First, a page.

Whooping cranes are considered extremely endangered. In 1941 there were only SIXTEEN left in the world! That’s just scary. Through extensive efforts the population has increased and as of 2009 there are 539 Whooping Cranes – 387 between 2 different wild flocks and 152 captive birds.

The original wild flock summers in Wood Buffalo National Park in Canada’s Northwest Territories and winters in Aransas NWR, TX. This flock has about 250 now.

The Whooping Crane Eastern Partnership ( ) has established a migratory flock that summers in Necedah NWR, WI and winters in Chassahowitzka NWR, FL. This flock has about 80 in it.

A fascinating part of the Eastern Partnership is that they take eggs from the captive populations and abandoned eggs to raise in a controlled environment. The chicks never see their human caretakers so they do not become imprinted. The caretakers are always dressed in a costume that (loosely) resembles a whooping crane and only make noises similar to the cranes. The chicks are conditioned to fly following an ultralight… and eventually follow “Mama Ultralight” in “Operation Migration” ( ) all the way to Florida to learn their migration route. In the spring, they fly back to Necedah on their own.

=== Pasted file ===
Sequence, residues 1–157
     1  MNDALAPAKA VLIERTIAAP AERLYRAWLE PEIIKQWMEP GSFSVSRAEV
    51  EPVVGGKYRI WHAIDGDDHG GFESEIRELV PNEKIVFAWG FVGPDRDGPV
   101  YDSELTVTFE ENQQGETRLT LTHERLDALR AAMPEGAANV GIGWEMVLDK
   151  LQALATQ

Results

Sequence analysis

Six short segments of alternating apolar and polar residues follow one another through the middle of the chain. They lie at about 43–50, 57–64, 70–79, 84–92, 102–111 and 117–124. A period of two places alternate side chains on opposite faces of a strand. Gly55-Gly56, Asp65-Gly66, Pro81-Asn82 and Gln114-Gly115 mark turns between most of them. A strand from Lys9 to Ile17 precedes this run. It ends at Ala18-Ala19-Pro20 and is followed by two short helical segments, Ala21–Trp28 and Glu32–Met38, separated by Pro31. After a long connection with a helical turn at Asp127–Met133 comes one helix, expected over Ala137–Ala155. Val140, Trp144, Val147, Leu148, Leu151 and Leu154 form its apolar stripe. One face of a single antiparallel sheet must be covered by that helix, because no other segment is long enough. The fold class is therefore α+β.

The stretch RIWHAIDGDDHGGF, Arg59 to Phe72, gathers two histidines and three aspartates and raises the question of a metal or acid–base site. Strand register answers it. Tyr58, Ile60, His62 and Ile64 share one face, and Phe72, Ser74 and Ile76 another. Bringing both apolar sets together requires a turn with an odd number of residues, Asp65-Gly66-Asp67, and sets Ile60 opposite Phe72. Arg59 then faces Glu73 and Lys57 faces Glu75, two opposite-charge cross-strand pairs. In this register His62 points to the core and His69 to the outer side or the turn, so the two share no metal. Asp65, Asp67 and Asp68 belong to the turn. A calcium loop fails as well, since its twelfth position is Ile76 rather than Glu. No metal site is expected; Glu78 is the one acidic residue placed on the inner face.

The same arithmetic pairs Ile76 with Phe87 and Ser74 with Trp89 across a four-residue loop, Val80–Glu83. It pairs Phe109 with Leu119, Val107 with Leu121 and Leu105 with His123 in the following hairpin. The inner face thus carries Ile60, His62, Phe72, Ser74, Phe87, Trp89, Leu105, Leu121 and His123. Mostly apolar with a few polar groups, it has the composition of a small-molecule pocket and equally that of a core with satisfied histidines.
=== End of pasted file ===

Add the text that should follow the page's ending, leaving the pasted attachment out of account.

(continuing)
I read somewhere there were 64 Whooping Cranes living wild in Necedah this year. So I was looking as we drove around the public areas. We got out to walk along one area and there ahead was a huge patch of white. I had the telephoto lens on my camera and saw…yes…it was Whooping Cranes. Two of them! And they were calling! I was so excited!

Himself took this picture of me photographing the cranes - that's the white you see in the crook of my arm.

Wild whooping cranes!

The call of wild Whooping Cranes. It was very windy that day but if you turn up your volume, you can hear them. It's incredible to think that this sound was almost lost forever...

Friday, October 23, 2009

Trumpeter Swans

It was a treat to see several groups of Trumpeter Swans as we traveled around Wisconsin. They are North America’s largest native bird and the world’s largest waterfowl. The males average wingspan is over 6.5 feet and weigh about 26 pounds. That’s a big bird!